On Monday, after prayers to commemorate the conclusion of Ramadan, Ethiopian police used tear gas and briefly battled with young Muslims in the capital. Fear erupted in Ethiopia’s capital, Addis Ababa. On the eve of the end-of-Ramadan prayers, police fired tear gas at Muslim demonstrators. The riot took place outside of the Addis Ababa international stadium. Addis police called it “a riot” that was started by “a few people.”
According to an official, when some of the faithful began to yell slogans and toss stones, a police officer mistakenly shot tear gas into the gathering. According to Addis police, property had been damaged before order was restored.
“This is one of our Eid celebrations, our festival, which occurs once a year. Therefore, I need to give a message to all Muslims to look after impoverished people, to support them, and to work with others, Muslims, and the government. Some people went to Meskel Square to pray because the stadium was so full for Eid.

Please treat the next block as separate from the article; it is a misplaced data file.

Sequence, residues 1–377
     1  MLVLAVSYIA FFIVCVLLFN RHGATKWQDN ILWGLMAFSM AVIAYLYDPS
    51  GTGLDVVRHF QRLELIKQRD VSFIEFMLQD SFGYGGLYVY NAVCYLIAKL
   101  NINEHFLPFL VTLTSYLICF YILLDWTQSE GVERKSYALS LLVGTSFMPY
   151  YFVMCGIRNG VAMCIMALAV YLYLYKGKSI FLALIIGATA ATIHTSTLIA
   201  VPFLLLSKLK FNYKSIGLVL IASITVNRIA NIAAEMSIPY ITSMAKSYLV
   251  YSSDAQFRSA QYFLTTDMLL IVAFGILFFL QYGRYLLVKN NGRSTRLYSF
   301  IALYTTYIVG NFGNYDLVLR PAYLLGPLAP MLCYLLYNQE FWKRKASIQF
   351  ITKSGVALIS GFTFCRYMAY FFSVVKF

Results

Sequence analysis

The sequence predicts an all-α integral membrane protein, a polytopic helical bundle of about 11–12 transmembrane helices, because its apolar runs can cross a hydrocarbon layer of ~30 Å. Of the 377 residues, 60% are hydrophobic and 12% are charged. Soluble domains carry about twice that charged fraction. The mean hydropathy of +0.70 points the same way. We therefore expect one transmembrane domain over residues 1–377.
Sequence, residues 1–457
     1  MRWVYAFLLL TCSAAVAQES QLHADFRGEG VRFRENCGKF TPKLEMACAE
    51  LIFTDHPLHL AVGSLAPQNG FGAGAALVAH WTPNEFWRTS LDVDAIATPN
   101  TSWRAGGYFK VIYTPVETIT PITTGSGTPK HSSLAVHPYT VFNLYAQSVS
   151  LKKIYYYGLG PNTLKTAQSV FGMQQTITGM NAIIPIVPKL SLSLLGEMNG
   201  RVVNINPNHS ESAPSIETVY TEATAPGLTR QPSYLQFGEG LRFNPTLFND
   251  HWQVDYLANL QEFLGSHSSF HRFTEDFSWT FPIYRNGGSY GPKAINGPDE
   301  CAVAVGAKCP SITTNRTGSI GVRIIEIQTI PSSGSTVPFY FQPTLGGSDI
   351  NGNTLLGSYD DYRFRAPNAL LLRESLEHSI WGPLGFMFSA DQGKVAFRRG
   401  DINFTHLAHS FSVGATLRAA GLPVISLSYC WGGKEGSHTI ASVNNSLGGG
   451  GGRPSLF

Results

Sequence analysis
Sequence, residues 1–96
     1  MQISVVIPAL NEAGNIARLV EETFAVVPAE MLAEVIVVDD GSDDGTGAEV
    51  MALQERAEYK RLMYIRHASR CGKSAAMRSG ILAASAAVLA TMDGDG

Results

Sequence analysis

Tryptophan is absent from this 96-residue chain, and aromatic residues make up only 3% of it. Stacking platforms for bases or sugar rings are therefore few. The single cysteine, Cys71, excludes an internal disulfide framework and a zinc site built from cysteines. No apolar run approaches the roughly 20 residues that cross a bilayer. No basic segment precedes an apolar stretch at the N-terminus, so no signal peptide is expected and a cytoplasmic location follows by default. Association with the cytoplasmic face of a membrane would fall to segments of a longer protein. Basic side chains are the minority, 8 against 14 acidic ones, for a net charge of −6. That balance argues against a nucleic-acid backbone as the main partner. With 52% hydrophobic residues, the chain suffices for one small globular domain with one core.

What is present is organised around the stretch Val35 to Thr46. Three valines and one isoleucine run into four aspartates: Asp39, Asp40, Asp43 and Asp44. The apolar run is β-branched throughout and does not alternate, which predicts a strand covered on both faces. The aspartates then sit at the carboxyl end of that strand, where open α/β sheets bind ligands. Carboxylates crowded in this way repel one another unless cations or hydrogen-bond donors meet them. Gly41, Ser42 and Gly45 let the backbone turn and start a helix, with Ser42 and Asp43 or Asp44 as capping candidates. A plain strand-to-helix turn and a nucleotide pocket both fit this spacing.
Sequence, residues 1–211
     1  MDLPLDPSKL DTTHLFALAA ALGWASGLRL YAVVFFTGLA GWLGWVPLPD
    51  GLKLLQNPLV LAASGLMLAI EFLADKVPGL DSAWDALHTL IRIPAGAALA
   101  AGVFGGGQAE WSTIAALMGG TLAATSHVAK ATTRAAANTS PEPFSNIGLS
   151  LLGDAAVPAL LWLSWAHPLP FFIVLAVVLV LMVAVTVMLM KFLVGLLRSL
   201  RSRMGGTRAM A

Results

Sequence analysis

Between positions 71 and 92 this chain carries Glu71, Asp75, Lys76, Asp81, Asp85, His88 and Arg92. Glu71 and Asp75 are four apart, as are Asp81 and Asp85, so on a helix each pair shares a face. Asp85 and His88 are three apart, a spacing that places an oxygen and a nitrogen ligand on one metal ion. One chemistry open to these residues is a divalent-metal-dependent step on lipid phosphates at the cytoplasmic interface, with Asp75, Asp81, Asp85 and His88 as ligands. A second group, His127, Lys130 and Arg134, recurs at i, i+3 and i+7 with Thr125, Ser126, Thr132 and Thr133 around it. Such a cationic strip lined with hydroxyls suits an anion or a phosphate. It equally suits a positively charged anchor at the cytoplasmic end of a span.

Last week, anti-Muslim incidents occurred in the country’s north, prompting the conflict. On Tuesday, April 25, an attack occurred at the Sheikh Elias Cemetery in the mostly Christian city of Gondar during a Muslim funeral. “The organized armed gang in Gondar that prepared the attack with bombs and machine guns is responsible for what transpired there,” says Ustaz Mohammed, a member of the Addis Ababa Muslim Council’s Board of Directors.
According to reports, several demonstrators threw stones at police while screaming “Justice for Gondar” and “Don’t fire our mosques, don’t kill our people.” Ethiopia is a Christian-majority country with a Muslim minority that accounts for roughly 30% of the population.